One has to sympathize a bit here. It's frustrating, for example, to check out the Technology of Business section of your favorite social bookmarking site and see nothing but a bunch of links to discount Viagra, Acai berry weight loss and similar crap. Bad for users, bad for the host site.

On the other hand, social media sites are in every SEO's toolbox. There is nothing inherently wrong with linking to content on a valid commercial website within the appropriate category on a social bookmarking site. HubSpot includes social media links as part of the SEO grade in its Website Grader tool. Some social bookmarking sites even promote the SEO value of deep-linking from their sites (no, I won't identify any specifically, I know when to STFU).

So what exactly constitutes social media link spam? The quality of the site being linked to? That seems rather subjective. The number of links submitted to different pages on the same site? If so, what number is okay, and what value crosses the line into spamming?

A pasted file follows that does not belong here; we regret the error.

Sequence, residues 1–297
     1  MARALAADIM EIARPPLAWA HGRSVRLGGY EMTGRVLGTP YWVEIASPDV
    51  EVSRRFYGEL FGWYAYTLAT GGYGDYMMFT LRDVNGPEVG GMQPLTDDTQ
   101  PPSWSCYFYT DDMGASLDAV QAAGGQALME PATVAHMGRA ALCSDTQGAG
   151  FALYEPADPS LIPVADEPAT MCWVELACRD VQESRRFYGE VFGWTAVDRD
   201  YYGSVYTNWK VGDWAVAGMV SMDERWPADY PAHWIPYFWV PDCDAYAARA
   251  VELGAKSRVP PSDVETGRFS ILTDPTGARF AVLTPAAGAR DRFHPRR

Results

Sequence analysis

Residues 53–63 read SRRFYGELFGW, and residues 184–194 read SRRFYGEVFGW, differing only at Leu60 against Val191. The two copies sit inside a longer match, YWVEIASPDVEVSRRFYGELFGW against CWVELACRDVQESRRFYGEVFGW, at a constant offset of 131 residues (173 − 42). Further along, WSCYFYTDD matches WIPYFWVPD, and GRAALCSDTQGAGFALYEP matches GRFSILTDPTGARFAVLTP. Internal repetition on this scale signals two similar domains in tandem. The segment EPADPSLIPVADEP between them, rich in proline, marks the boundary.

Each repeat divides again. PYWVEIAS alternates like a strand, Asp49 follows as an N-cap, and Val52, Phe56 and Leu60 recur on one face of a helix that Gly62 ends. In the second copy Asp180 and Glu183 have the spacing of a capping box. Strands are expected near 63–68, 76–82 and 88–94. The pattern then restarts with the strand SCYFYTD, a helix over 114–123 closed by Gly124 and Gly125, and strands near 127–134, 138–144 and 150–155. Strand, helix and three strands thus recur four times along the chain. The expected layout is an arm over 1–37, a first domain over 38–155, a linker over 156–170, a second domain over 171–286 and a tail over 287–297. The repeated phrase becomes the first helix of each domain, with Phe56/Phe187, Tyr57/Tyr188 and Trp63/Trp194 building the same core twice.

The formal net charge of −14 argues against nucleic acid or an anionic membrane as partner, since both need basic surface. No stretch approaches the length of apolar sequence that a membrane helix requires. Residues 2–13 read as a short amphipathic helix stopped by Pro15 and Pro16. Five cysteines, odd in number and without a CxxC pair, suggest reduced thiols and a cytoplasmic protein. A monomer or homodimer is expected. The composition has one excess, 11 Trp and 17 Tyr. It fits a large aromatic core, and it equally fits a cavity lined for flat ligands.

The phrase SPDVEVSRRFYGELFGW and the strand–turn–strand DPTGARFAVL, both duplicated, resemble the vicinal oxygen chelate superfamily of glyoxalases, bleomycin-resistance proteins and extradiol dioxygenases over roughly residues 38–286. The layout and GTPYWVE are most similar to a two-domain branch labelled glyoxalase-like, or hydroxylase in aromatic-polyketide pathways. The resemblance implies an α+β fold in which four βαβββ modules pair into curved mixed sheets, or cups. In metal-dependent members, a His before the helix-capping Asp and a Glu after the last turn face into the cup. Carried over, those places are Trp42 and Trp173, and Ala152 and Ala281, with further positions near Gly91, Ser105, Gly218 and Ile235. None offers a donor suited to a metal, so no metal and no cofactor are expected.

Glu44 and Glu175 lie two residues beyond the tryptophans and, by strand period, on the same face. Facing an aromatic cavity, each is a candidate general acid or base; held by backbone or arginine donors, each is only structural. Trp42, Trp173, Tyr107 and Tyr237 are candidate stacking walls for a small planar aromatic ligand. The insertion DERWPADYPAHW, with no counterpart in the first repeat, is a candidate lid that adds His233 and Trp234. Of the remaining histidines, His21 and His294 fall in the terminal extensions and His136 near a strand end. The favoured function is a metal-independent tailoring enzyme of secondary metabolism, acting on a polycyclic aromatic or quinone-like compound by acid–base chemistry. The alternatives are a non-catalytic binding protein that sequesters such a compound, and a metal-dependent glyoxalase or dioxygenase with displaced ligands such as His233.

Whatever your definition, link spamming is bad. I'd hate to see the definition drawn so broadly as to make nearly every SEO consultant guilty of it.

What do you think?

*****


Contact Mike Bannan: Mike@digitalrdm.com

Comments

Dave said…
Hi Tom, Dave here... (thanks for the mention)

It really is odd in this day-and-age that we still get these pathetic link exchange emails (or that SEOs are doing them in general). With the rise of social media, getting the contet out there (in hopes of links) is easier than it has ever been (as is link building).

As for the 'definition of link spam' with the engines it's pretty clear...any link developed that wasn't organic. We're the bad guys don't ya know? But they do humour us :0)

With social media, I'd say the spammers are those that post little of value and Tweet their own links over and over... that's generally unlikely to generate secondary links, which is the goal with SM ... IMHO...

All in all ... a nice rant though... Not sure the sad-sack SEOs will listen.. but always nice to get it out of one's system!

Have a great week and thanks for the heads up!
Tom Pick said…
David -

Thanks for the positive feedback, but ouch! By that definition, any SEO who does link building is guilty. As Pogo said, we have met the enemy and he is us.